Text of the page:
We Specialise in the protection of your intellectual property rights

Trade Marks

Most, if not all, businesses adopt a trade mark to identify the services they provide and/or the products they sell. A trade mark enables your customers to recognise services and/or products that originate from you and the value of a trade mark generally increases over time as goodwill is built up in the mark through advertising and/or sales. A trade mark is often a company’s most valuable intangible asset and, as such, should be protected.

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It is a frequent misunderstanding that registering a company name with Companies House will grant protection for that name. This is not the case. Obtaining a trade mark registration for your mark entitles you to exclusive use of that mark for the goods/services covered by such registration. Even if your mark is not registered, legal action may be taken versus a third party for infringement, however, you must be able to demonstrate you have earned a top-notch reputation with respect to the mark, and that you were adversely affected by the third party's utilisation of the mark. An infringement claim for a registered trade mark is simpler to prove, and the registration itself may be enough to repress unwanted users. Plus, ownership of a trademark will add value to your business, as this right can be traded by franchise agreement or be included in the sale of the company.

A trade mark may encompass, but not be limited to, a company name, logo, slogan, three-dimensional shape, fragrance and/or colour- provided it stands out from related goods and services. Words that are merely descriptive of the goods/services or that have become customary in your trade, not to mention those that are both deceptive or offensive are deemed unregistrable.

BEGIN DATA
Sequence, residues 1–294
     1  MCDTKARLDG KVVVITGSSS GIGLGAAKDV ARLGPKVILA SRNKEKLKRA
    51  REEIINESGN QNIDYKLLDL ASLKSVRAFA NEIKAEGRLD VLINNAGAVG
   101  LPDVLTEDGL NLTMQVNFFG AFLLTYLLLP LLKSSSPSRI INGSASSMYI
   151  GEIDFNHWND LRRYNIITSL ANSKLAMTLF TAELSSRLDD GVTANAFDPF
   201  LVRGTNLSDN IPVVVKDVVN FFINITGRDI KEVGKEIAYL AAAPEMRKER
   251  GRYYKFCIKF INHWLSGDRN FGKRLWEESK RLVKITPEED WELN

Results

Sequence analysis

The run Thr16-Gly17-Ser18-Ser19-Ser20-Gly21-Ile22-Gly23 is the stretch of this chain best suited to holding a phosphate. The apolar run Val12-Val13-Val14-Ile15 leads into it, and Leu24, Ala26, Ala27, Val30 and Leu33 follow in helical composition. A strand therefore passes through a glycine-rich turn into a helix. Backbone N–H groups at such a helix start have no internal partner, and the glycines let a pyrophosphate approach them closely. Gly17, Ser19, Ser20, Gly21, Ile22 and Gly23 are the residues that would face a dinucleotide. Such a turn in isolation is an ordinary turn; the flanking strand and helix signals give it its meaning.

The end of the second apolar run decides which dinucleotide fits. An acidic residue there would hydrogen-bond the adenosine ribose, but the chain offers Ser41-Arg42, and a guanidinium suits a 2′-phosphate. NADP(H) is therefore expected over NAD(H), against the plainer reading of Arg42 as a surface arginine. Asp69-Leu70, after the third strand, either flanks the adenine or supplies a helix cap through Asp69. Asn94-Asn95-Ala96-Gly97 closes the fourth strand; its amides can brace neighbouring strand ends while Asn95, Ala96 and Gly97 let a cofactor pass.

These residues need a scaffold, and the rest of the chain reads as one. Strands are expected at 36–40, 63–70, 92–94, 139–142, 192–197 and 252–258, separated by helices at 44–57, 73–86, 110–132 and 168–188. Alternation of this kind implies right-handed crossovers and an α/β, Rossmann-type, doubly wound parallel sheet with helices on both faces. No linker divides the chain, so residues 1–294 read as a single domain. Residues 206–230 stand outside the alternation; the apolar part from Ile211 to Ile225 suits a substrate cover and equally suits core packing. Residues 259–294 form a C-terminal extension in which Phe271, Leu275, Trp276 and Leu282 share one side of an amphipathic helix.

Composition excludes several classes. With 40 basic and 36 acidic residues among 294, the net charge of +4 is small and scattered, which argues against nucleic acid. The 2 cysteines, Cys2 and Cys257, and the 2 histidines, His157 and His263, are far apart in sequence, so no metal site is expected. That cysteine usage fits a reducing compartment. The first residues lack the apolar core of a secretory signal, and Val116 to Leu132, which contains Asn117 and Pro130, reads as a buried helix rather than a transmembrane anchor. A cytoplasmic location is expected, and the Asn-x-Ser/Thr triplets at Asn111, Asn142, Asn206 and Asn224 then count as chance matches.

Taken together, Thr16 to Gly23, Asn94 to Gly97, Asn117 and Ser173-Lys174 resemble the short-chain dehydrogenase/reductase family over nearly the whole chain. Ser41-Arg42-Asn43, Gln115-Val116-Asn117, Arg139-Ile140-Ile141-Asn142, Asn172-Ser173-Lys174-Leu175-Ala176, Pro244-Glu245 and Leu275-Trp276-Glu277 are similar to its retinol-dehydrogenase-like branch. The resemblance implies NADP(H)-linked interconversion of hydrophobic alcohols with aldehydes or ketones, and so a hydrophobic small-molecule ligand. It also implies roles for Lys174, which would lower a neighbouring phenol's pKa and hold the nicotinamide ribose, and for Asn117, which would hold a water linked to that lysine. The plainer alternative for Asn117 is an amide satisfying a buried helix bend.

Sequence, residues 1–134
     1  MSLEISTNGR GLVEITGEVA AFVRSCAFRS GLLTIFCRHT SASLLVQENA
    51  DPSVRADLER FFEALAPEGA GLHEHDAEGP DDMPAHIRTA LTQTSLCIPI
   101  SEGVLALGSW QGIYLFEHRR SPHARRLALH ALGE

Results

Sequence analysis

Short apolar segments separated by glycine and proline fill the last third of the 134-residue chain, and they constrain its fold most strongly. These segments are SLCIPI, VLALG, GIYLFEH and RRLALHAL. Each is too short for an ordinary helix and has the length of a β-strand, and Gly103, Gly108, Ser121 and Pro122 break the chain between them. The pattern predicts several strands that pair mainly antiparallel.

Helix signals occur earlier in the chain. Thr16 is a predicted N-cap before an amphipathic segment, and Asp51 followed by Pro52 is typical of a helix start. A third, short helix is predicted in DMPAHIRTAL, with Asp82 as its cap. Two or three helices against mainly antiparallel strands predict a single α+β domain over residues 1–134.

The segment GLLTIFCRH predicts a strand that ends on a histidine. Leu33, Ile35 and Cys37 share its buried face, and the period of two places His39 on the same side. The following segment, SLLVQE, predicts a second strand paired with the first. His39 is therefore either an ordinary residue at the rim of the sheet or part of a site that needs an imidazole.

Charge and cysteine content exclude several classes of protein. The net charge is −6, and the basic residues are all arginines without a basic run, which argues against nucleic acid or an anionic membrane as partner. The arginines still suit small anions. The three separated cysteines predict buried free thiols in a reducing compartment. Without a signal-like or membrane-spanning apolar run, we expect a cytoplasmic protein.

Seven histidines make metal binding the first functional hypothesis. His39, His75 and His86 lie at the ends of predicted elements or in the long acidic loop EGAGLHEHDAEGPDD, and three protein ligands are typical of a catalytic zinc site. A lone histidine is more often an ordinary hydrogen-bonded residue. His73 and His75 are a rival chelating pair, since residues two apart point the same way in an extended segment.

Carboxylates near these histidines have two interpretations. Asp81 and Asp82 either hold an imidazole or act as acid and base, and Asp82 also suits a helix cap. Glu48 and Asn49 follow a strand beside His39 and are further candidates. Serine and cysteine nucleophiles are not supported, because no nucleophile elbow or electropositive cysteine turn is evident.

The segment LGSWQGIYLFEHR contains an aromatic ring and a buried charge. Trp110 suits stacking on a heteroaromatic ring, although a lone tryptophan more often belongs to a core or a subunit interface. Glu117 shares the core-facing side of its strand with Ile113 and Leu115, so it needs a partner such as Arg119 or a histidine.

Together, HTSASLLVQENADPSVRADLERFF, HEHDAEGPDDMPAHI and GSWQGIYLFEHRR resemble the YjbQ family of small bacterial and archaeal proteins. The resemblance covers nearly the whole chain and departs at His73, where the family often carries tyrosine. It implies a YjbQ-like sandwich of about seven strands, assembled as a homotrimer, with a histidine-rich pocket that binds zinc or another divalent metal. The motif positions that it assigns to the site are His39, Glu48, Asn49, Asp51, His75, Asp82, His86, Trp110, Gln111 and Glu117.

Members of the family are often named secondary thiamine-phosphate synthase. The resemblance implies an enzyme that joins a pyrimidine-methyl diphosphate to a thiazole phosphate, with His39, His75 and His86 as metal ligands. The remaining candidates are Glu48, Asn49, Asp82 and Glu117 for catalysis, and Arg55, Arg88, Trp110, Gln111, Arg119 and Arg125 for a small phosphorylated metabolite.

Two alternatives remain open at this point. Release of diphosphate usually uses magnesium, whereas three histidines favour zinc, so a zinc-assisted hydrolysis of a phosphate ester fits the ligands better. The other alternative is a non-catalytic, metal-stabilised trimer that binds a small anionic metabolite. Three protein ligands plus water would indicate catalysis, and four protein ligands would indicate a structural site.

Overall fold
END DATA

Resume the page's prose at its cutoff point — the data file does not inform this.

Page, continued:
To secure a trade mark registration, an application must be sent to the Trade Marks Registry, accompanied with the mark's details and the goods/services you aim to employ it for. A fee is required to be paid too. Examiners will evaluate the mark's eligibility for registration and cast notices on any previously registered marks that are the same or alike to your mark. An allotted time frame is in place to respond to any objections and comment on third-party marks. The Registry will also advise earlier registration owners of your application's existence. After it is published, the application is exposed to a three-month opposition period. If no opposition is brought up, it will proceed to registration. Lasting protection may be assured provided the mark is genuinely employed for its registered goods/services and renewal fees are remitted every ten years.

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Trade mark registrations are territorial and it is necessary to apply for registration in each country where protection is required. However, it is possible to obtain an International Registration which may extend to a large number countries and a Community Registration can be obtained for the whole of the European Union.

Prior to adopting a new trade mark, it is important to check for the existence of any earlier trade mark rights to assess whether there is a risk of infringement of these earlier rights. Identical and full availability searches can be carried out to check for such earlier conflicting marks. We also recommend keeping a watch on the Trade Marks Register. This ensures that you are made aware of any third parties applying to register an identical or similar mark to yours, providing you with the opportunity to oppose registration of the conflicting mark and thereby maintain the value in your mark.

We can advise in relation to all trade mark matters, including advising on the suitability of your trade mark for registration , searching for earlier rights, applying for registration both at home and abroad, and subscribing to a trade mark watching service.

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